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Shina Debuts Enhancements to 3Di Cloud-Based Advanced Visualization, Web-Based Zero-Footprint PACS Viewer at RSNA 2010

Shina Debuts Enhancements to 3Di Cloud-Based Advanced Visualization, Web-Based Zero-Footprint PACS Viewer at RSNA 2010


Shina Systems debuts at RSNA 2010 a range of enhancements to its virtual 3Di  advanced (3D/4D) visualization suite, which delivers imaging data, reformatting and viewing tools as well as powerful computer processing in a cloud environment.  This year, focusing on medical imaging from a broader perspective, Shina also adds a zero-footprint, browser-based 2D PACS viewer that enables anywhere, anytime review of images stored in the company’s cloud-based archive.  Also new for both 3D and 2D imaging is an easy-to-use patient file locator for exams stored in a Shina system, which is similar to popular Internet search engines.

The Shina 3Di thin client suite—now with enhanced speed and more intuitive features--provides interactive advanced visualization from any local PC, taking advantage of available bandwidth and local computing power to optimize performance, while drawing on the vast computing power of the 3Di cloud network. Users can instantly process, view and manipulate reformations, whether images are archived locally or remotely. Shina received FDA 510 k clearance for 3Di in February 2010 and introduced the product commercially in May.

New in 3Di this year is support for cine images and brain perfusion studies, in addition to general multi-modality 3D reformations (MPR, MIP, Volume Rendering and related techniques ), cardiac CT analysis, CT calcium scoring, virtual colonoscopy and PET/CT fusion (WIP).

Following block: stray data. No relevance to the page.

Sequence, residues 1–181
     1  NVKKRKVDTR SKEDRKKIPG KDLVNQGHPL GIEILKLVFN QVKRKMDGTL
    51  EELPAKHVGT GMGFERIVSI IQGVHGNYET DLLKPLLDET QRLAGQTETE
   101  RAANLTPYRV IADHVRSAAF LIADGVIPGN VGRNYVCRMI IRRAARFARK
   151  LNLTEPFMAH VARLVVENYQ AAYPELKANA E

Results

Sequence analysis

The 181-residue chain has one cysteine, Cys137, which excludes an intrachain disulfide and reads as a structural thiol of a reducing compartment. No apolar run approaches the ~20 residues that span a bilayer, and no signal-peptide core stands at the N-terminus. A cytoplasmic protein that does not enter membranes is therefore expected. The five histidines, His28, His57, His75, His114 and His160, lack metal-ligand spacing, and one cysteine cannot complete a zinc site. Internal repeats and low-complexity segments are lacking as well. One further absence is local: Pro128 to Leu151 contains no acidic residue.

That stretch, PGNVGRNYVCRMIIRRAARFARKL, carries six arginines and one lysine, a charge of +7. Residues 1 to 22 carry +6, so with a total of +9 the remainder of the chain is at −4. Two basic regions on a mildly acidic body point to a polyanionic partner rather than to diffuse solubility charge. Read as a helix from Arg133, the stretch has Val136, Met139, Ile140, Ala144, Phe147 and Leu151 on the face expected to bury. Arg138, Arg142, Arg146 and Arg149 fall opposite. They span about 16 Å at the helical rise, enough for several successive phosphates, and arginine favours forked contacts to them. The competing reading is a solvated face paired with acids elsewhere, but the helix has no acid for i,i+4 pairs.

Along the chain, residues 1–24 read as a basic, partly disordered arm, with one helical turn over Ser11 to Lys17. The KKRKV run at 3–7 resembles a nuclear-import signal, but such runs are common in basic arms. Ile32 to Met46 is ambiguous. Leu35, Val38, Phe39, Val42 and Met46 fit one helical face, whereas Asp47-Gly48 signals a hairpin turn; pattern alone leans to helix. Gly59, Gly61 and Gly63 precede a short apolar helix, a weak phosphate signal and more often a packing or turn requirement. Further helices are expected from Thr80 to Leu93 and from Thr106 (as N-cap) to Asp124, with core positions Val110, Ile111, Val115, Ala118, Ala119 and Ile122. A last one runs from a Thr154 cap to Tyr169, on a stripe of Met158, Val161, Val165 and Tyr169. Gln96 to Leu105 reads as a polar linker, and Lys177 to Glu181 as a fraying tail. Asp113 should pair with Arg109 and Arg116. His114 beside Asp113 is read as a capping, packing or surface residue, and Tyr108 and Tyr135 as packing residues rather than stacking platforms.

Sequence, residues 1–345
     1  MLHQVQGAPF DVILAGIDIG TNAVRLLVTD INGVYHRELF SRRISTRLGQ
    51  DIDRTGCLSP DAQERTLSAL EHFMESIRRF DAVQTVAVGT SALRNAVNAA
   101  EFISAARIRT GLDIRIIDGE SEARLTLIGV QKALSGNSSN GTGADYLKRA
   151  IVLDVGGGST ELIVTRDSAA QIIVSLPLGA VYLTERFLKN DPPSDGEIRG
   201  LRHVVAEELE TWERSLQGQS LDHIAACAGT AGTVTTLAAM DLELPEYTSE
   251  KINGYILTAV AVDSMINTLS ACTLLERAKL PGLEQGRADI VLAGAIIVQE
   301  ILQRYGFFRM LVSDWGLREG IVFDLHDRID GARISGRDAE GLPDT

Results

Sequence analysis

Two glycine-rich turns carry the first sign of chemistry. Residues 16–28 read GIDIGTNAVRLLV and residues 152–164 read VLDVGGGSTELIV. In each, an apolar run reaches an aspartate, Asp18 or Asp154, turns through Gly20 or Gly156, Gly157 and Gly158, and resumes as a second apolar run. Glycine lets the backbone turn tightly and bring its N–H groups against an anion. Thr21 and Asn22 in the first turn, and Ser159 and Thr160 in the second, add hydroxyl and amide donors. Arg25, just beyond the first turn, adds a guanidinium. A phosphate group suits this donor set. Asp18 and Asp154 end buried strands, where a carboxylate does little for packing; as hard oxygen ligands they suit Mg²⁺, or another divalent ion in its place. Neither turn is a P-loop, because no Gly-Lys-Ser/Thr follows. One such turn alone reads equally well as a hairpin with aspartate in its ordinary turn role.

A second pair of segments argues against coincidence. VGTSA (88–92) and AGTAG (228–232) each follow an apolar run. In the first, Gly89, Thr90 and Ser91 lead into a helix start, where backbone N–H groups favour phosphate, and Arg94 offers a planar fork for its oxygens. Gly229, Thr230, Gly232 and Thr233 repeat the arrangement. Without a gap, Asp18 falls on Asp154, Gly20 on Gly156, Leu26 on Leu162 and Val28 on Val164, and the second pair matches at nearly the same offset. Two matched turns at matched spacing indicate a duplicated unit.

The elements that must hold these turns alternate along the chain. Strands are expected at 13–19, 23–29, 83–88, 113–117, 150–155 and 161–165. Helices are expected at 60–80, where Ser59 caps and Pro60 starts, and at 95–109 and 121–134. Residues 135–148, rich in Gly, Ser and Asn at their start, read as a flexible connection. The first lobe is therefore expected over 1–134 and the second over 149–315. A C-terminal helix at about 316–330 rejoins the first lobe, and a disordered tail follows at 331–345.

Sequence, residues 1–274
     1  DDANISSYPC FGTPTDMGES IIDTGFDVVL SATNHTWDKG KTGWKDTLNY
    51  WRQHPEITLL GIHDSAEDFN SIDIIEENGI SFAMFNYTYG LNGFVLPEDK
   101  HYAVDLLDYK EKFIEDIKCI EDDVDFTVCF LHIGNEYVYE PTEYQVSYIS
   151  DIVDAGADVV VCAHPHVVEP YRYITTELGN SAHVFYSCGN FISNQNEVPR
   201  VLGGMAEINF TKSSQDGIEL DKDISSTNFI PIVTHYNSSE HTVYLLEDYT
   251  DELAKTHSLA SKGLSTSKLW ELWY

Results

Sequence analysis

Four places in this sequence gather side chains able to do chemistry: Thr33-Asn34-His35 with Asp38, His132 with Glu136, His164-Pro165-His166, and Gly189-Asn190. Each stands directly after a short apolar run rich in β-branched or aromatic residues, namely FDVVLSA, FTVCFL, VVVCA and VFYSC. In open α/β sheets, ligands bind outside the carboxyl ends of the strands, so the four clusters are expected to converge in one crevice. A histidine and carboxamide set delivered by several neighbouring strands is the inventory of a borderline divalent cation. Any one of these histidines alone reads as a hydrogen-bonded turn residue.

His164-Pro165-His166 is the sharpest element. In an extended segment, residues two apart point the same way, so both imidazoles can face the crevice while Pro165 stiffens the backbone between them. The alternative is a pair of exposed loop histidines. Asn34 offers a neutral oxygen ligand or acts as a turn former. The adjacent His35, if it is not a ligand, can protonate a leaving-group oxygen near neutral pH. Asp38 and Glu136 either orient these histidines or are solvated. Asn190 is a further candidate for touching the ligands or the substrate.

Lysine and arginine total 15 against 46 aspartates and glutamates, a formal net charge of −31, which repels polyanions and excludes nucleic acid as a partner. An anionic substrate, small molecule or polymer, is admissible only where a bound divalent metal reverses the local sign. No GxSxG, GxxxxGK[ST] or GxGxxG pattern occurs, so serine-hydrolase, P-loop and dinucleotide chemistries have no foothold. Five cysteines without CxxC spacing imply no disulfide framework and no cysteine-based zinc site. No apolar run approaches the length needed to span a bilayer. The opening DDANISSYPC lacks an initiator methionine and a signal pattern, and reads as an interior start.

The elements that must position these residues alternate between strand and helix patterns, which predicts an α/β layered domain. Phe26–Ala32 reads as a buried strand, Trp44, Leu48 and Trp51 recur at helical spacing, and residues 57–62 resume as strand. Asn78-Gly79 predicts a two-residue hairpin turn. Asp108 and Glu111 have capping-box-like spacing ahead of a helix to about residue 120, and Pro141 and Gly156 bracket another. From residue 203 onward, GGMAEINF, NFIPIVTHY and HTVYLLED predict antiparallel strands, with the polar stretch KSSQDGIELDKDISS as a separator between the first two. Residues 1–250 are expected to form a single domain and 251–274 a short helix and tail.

When the 3Di is used for the first time, a minute application downloads and keeps the local computer connected to the 3Di cloud.  The user interface and all functionality will integrate seamlessly with a local PACS, while a bi-directional image synchronization feature ensures both the PACS and any 3Di offsite storage are up to date.  With convenient pay-per-use pricing, 3Di requires no upfront fees or commitment to begin implementation.   All 3Di image data is stored on remote archives with multiple redundancy and HIPAA-compliance.

            Complementing its advanced  imaging functionality, Shina’s new web-based 2D PACS viewer brings full-featured high-quality image analysis to any web-enabled PC and  handheld device on-the-fly with no file download.  The new feature makes images stored or cached in Shina’s remote cloud instantly available to any authorized user for remote reading, consultations, patient transfers and more. This  application also serves as an image communication engine for patient electronic medical records.

            Adding a new level of convenience to all Shina imaging applications, now users may simply type in a patient name or identifier, and they will be instantly presented with all matching exams stored within their user group in the Shina system.

            “3Di imaging is an important tool for both enhanced diagnosis and workflow, “ said NAME, TITLE for Shina Systems.  “However widespread adoption has long been hampered by the significant cost of the technology often running from stand-alone workstations.  With today’s emphasis on enhanced healthcare efficiencies and economies, 3D processing in the cloud is an idea whose time has come.”

            The new Shina 2D viewer is particularly timely with today’s emphasis on sharing  healthcare information and the integrated patient record, making image access among authorized users extremely flexible, easy and cost-effective.

3Di and Shina’ growing family of products are the culmination of the company’s extensive imaging software development experience, with tools and technologies that are used today in more than 3,000 installations worldwide.  Shina’s record of success in the imaging field began in 2003 with the introduction of the first ever auto-cardiac CT segmentation-based analysis tool.  Today, 3Di and other products under developments capitalize on these underlying technologies and broaden their impact into new medical applications.


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